How do you explain slow/lazy sound?

How does one go about explaining slow/lazy sound? I mean in technical terms in relation to the soundwaves. I know the music itself is not slower but somehow the sound just sounds slow. To the point of mild frustration...

Slow rise times and slow decay (slew rate) will make square waves into low mounds. Visualize that, with rise time for example, a component that can replicate the leading edge of a 'square wave' can replicate the leading edge of a cannon shot so replicating a square wave is good. However the converse is also true, a square wave which is perfectly vertical (or close) on the back edge, would rob the music of a more natural sounding wave. In fact IMHO the treating of the 'fall' time of the back edge is more important than the slope of the leading edge. It is sort of a finding of the proper degree of slew rate - too little and you have a muddy echo chamber type residual v too fast and the sound is too clinical and unmusical.

Hope that helps a bit.
Try different speaker cables, some that are known for speed (Like Nordost Blue Heaven).
I used HT Pro-9 with a low power SET tube amp and it was
remarkable how slow and syrupy it sounded (I'm using HT with SS and its sounds great!).
Blue Heavens w/SET was night and day difference.
Go to Virtual Dynamics cables...They are quite well know for there speed and Dynamics....
Rwwear...Rise and fall times of all amps are much much shorter than loudspeaker response times.
Slam or attack is in the upper midrange 1 to 3 Khz (when a drum stick hits the skin or a piano hammer hits the strings). If you cut this upper midrange then it will sound laid back (many speakers do so and sometimes deliberately so). Another effect is bass. Good transient reponse from critically or over-damped speakers will mean that transients do not last any longer than they should (sealed subs and speakers with no reflex ports are often the "tightest" and cleanest sounding). Ported designs with amazing bass for a small box are often culprits that give a lazy or "one note" bass sound. Box resonances and woofer resonances (ringing) will also muddy or slow the sound by adding distortion (boosts especially in the 500 to 800 Hz range will add warmth).

Note that many speakers (especially two ways) use a 6 or 7 inch woofer to cover bass and midrange - inevitably many of these designs beam above 1 Khz (the woofer is just too big) and to varying degress give a laid back sound. Beaming means they excite just the sweetspot with a flat response whilst the rest of the room reflected off axis response is heavily down until the tweeter kicks in between 3 and 5 Khz adding that unatural "hi-fi" sound where the lead acoustic guitar may be just a wee bit too clear to be convincingly natural - kind of like there is a microscope on it...again some speakers are deliberately designed this way (remember as much as half of what you hear is reflected)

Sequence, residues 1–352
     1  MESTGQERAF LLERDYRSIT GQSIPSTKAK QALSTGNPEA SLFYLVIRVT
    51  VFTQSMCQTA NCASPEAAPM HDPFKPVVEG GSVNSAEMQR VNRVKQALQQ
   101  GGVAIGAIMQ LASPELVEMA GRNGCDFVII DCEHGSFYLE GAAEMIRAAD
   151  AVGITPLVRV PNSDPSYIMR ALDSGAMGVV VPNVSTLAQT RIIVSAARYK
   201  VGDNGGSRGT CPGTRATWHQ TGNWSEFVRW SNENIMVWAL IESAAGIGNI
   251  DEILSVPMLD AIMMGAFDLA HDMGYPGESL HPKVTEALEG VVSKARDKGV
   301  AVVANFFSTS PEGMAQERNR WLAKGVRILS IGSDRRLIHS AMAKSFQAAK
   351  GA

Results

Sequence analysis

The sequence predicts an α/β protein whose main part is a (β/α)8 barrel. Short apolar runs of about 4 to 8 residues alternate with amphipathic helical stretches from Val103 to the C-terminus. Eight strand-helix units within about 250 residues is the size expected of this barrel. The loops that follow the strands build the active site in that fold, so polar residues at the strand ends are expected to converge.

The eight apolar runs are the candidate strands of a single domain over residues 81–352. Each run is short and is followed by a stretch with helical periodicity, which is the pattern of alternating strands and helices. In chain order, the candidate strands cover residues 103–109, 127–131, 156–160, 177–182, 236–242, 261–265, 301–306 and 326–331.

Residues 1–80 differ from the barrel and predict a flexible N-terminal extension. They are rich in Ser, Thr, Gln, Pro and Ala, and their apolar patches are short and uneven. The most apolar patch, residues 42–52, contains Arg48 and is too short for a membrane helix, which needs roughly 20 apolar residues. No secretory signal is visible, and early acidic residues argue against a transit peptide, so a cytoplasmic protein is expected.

Another factor is dynamic response - this is very counter intuitive. If you compress the sound and it lacks dynamics then the sound actually becomes perceptively louder or edgy or snappy. This is because you have raised the root mean square energy (energy over time). Teh sound can be very tiring and fatiguing and is common on pop CD's today but especially in Punk and Heavty metal such as Metallica or Green Day. A highly dynamic system with a highly dynamic recording (contrary to what you would expect) will sound softer, more natural and relaxed, effortless and less fatiguing even at higher SPL.
I asked that question because I set up a second turntable just for fun... My main rig is a Musichall 5.1 with Goldring 1042. I bought a Pioneer PL-12D on Ebay and installed a Shure MX97SE just for fun... And the Pioneer didn't sound bad, but the only way I could describe the sound is "slow". I was just curious why it sounded that way and what is the physics behind it.

Possibilities.Inadaquate conditioning/isolation for the preamp. Likewise for the digital.
Incorrect absolute phase is a possibility.
Assuming you are only hearing this "slowness" with TT and that speed of TT has been adjusted to strobe, then the "slowness" may be slurring caused by transient speed instability endemic with cheap belt-drive TTs.
This is primarely about the equipments powercircuits ability to "breathe". Powercircuit starts with powercords and ends in speakers voicecoils. Can`t be overrated!

The problem has two sides; speakers and amps. First we have amps with tiny underdimensioned powercircuits struggelig to beathe through heavy passages. Then we have speakers with even more underdimensioned passive filters threathening to shortcut the poor amp.
And on top of this the poor amp is given some tiny overpriced stranded or flat "wires" as a extension of it`s allready tiny powercircuit.

Tips: Avoid complexe passive filters, avoid speakercables, go for monoblocks. Powercords w.o extensions, heavy solid-core speakercables.